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What are some strategies that people have had success with for maintaining a change history for data in a fairly complex database. One of the applications that I frequently use and develop for could really benefit from a more comprehensive way of tracking how records have changed over time. For instance, right now records can have a number of timestamp and modified user fields, but we currently don't have a scheme for logging multiple change, for instance if an operation is rolled back. In a perfect world, it would be possible to reconstruct the record as it was after each save, etc.

Some info on the DB:

  • Needs to have the capacity to grow by thousands of records per week
  • 50-60 Tables
  • Main revisioned tables may have several million records each
  • Reasonable amount of foreign keys and indexes set
  • Using PostgreSQL 8.x
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Consider using a temporal database. – Andrew Swan Sep 16 '08 at 2:29
up vote 6 down vote accepted

In the past I have used triggers to construct db update/insert/delete logging.

You could insert a record each time one of the above actions is done on a specific table into a logging table that keeps track of the action, what db user did it, timestamp, table it was preformed on, and previous value.

There is probably a better answer though as this would require you to cache the value before the actual delete or update was preformed I think. But you could use this to do rollbacks.

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The problem with a database-level solution is that there's no business context for the action, i.e. you don't know which user did it or what they were doing. Most web apps connect to their database using a single username, so the logged-in web username is not the username seen by the trigger. – Andrew Swan Dec 2 '08 at 11:00
Andrew, any non database-level solution is no audit trail at all as it will not catch records not added in the GUI. Ours catches specific users because all our tables have a last_updated column and the inserts, updates, etc all send the person_id of the person making the update not the web username. – HLGEM Dec 22 '08 at 19:33

One strategy you could use is MVCC, Multi-Value Concurrency Control. In this scheme, you never do updates to any of your tables, you just do inserts, maintaining version numbers for each record. This has the advantage of providing an exact snapshot from any point in time, and it also completely sidesteps the update lock problems that plague many databases.

But it makes for a huge database, and selects all require an extra clause to select the current version of a record.

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How do you know which one is the current version? With an top 1 order by desc clause? @Eric Z Beard – ismail yavuz Aug 24 '15 at 15:19

If you are using Hibernate, take a look at JBoss Envers. From the project homepage:

The Envers project aims to enable easy versioning of persistent JPA classes. All that you have to do is annotate your persistent class or some of its properties, that you want to version, with @Versioned. For each versioned entity, a table will be created, which will hold the history of changes made to the entity. You can then retrieve and query historical data without much effort.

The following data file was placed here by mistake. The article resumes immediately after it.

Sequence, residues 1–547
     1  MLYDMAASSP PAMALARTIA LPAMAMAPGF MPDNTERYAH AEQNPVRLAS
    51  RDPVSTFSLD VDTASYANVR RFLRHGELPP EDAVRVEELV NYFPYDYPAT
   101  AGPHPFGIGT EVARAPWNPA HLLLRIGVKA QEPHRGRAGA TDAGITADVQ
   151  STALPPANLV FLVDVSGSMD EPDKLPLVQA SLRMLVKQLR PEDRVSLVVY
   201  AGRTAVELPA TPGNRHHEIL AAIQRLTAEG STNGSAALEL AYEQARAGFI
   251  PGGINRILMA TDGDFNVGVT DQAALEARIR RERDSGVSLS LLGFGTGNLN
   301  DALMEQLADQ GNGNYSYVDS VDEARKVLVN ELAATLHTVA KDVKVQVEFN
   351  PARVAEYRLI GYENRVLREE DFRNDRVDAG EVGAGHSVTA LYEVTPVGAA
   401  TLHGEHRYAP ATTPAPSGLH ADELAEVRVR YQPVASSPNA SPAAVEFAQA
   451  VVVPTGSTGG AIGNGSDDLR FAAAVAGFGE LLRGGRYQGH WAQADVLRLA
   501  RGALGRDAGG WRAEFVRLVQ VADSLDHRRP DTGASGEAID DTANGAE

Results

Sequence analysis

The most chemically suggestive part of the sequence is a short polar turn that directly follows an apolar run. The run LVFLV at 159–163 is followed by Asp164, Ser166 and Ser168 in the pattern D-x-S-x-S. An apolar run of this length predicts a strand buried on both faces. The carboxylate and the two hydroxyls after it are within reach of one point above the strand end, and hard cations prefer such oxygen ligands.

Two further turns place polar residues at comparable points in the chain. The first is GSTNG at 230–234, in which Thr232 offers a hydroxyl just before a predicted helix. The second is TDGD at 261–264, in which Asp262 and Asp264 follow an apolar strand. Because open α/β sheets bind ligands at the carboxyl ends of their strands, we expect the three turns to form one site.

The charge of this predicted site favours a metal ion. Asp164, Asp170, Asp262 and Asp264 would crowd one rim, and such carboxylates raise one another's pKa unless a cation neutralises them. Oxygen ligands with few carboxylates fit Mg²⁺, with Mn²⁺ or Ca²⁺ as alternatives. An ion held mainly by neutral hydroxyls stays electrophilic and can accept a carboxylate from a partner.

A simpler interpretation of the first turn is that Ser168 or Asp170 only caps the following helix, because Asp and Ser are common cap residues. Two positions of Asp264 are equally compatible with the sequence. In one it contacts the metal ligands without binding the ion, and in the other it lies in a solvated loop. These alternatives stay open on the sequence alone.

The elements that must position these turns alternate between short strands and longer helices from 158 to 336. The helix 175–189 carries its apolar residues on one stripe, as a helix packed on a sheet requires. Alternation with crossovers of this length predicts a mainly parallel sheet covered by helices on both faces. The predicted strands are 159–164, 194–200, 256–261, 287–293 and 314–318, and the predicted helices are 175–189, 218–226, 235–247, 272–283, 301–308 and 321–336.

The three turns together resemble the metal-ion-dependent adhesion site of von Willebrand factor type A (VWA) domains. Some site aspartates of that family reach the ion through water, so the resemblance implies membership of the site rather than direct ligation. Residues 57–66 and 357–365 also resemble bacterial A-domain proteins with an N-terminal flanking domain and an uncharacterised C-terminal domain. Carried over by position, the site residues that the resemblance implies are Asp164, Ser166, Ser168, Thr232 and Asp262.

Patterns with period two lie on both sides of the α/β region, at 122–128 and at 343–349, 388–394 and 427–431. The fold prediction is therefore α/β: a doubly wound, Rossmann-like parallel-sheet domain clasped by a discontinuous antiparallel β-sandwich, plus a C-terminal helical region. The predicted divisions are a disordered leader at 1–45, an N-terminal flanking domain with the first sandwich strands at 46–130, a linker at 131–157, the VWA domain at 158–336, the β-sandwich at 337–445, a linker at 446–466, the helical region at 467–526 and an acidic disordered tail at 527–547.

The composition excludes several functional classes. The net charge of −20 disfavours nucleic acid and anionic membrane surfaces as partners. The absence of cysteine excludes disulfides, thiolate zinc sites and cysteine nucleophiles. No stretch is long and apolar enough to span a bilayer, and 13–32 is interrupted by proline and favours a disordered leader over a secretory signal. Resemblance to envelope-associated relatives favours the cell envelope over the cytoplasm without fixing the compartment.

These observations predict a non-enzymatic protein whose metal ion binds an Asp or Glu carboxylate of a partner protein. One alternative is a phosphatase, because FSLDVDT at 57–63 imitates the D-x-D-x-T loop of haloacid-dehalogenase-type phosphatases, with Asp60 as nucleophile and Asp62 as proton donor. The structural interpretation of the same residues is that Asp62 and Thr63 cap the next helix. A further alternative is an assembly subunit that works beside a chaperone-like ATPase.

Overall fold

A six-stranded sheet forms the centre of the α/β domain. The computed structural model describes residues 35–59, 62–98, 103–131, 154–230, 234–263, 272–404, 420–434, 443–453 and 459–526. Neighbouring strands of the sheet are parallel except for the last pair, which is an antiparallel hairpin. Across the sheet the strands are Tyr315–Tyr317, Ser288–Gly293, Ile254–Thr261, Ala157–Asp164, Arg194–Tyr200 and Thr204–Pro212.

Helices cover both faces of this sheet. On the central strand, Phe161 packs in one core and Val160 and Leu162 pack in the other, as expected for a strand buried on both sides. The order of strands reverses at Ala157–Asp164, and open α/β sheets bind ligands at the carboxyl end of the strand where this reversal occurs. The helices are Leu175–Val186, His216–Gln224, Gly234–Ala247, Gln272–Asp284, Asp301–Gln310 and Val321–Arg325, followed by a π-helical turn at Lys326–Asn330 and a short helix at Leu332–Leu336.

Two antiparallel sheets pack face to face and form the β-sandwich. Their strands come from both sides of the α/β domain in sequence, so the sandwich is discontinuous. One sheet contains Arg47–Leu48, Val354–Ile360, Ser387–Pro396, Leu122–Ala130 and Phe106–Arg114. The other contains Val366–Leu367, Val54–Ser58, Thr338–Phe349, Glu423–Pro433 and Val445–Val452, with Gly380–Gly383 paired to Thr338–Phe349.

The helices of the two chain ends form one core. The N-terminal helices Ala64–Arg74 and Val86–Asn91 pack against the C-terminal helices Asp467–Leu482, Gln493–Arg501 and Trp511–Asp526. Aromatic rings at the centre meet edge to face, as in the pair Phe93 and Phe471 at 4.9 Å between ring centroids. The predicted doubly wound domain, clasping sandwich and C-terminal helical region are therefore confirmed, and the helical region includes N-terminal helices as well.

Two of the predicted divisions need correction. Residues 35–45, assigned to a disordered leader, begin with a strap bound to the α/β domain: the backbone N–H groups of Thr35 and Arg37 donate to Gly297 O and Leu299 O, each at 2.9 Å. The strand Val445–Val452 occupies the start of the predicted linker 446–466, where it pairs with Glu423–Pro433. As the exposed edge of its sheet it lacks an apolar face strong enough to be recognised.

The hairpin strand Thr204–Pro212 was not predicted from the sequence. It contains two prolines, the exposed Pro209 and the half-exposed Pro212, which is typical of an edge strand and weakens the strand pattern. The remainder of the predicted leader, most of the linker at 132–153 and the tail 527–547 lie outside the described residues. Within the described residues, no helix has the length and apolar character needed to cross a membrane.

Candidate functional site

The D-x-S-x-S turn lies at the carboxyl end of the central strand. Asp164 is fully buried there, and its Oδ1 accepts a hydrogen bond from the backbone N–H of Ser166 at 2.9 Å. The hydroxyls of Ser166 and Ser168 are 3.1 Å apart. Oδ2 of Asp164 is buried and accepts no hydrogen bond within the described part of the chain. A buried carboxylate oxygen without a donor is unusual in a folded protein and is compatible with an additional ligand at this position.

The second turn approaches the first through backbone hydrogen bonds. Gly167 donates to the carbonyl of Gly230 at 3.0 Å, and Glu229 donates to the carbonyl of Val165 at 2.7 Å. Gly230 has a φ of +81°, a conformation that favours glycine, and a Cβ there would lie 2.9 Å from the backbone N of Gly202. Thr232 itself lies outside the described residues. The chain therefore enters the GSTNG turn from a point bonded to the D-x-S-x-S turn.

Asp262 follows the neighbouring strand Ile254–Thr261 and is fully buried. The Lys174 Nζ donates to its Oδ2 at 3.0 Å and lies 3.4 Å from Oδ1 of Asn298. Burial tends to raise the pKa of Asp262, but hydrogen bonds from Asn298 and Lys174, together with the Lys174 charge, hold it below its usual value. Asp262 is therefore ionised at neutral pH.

This is somewhat similar to Eric's approach, but probably much less effort. Don't know, what language/technology you use to access the database, though.

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Has anyone used JBoss Envers in a eCom high transaction site? – boyd4715 Sep 16 '10 at 17:27

The only problem with using Triggers is that it adds to performance overhead of any insert/update/delete. For higher scalability and performance, you would like to keep the database transaction to a minimum. Auditing via triggers increase the time required to do the transaction and depending on the volume may cause performance issues.

another way is to explore if the database provides any way of mining the "Redo" logs as is the case in Oracle. Redo logs is what the database uses to recreate the data in case it fails and has to recover.

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Similar to a trigger (or even with) you can have every transaction fire a logging event asynchronously and have another process (or just thread) actually handle the logging. There would be many ways to implement this depending upon your application. I suggest having the application fire the event so that it does not cause unnecessary load on your first transaction (which sometimes leads to locks from cascading audit logs).

In addition, you may be able to improve performance to the primary database by keeping the audit database in a separate location.

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I use SQL Server, not PostgreSQL, so I'm not sure if this will work for you or not, but Pop Rivett had a great article on creating an audit trail here: Pop rivett's SQL Server FAQ No.5: Pop on the Audit Trail

Build an audit table, then create a trigger for each table you want to audit.

Hint: use Codesmith to build your triggers.

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